Allergic rhinitis, or hay fever, is an IgE-mediated disorder (type I hypersensitivity reaction) resulting from contact with airborne antigens (e.g. pollen, animal dander, and dust mites). The binding of allergens to specific IgE antibodies bound to the FcεRI receptor on the surface of the mast cell induces degranulation and release of mainly histamine and leukotrienes. Histamine stimulates nerve endings of sensory fibers in the nasal mucosa, which conduct the signal to the sneezing centre and the vasomotor/secretion centre. This results in symptoms such as sneezing,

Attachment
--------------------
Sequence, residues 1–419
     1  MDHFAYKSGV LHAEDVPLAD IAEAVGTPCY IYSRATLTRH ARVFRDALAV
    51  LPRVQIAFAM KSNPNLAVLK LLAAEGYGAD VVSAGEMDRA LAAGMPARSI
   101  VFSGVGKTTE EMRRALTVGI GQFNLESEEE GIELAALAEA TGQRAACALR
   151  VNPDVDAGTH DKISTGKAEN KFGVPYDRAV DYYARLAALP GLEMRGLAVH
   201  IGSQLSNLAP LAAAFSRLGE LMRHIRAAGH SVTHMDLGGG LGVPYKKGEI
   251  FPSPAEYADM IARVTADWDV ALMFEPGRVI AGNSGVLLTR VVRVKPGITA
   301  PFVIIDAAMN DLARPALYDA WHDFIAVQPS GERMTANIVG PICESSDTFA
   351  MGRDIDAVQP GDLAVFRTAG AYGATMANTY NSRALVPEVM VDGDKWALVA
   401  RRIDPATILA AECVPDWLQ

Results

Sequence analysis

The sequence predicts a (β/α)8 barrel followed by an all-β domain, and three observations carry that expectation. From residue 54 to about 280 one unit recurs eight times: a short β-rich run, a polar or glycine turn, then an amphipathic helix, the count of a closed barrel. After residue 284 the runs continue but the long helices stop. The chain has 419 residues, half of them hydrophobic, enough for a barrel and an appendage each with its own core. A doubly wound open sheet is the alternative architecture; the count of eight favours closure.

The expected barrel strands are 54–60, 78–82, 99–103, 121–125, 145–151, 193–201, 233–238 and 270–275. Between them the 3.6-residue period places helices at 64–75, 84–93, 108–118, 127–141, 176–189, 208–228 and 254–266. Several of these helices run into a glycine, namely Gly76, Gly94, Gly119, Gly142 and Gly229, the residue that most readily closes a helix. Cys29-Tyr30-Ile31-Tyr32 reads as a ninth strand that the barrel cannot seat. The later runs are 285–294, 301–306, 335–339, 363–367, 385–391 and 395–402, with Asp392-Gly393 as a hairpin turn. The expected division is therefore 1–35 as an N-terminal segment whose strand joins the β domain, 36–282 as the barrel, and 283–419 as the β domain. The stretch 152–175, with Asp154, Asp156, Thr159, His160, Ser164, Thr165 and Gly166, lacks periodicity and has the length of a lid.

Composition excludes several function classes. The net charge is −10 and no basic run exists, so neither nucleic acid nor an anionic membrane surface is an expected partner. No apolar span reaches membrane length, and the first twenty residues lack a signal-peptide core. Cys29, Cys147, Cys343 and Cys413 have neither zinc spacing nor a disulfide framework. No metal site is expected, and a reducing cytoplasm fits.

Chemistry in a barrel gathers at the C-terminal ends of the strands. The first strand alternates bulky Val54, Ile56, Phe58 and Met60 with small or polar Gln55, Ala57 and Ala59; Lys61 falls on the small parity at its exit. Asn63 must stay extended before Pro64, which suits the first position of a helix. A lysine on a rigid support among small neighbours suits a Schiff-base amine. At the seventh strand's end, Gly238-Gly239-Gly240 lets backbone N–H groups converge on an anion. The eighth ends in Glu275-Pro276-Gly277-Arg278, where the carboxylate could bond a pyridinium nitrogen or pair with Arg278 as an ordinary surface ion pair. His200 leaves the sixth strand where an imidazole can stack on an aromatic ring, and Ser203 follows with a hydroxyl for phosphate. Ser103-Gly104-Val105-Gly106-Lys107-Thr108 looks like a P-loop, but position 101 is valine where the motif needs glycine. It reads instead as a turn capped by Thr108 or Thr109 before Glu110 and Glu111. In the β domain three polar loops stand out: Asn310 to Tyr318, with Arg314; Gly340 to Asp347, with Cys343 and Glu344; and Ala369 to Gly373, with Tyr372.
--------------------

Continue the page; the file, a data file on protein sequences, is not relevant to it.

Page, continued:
itchy nose, watery rhinorrhoea, nasal blockage, and ocular symptoms. Avoidance of exposure to allergens is simple and effective in reducing symptoms. When this is not achievable, drug treatment with antihistamines, corticosteroids or cromolyn sodium can be used. For general information on the treatment see drugs for allergic rhinitis.
All of the following are appropriate suggestions for a pharmacist to give to a patient with allergic rhinitis from multiple environmental triggers, to minimize exposure to possible allergens, EXCEPT: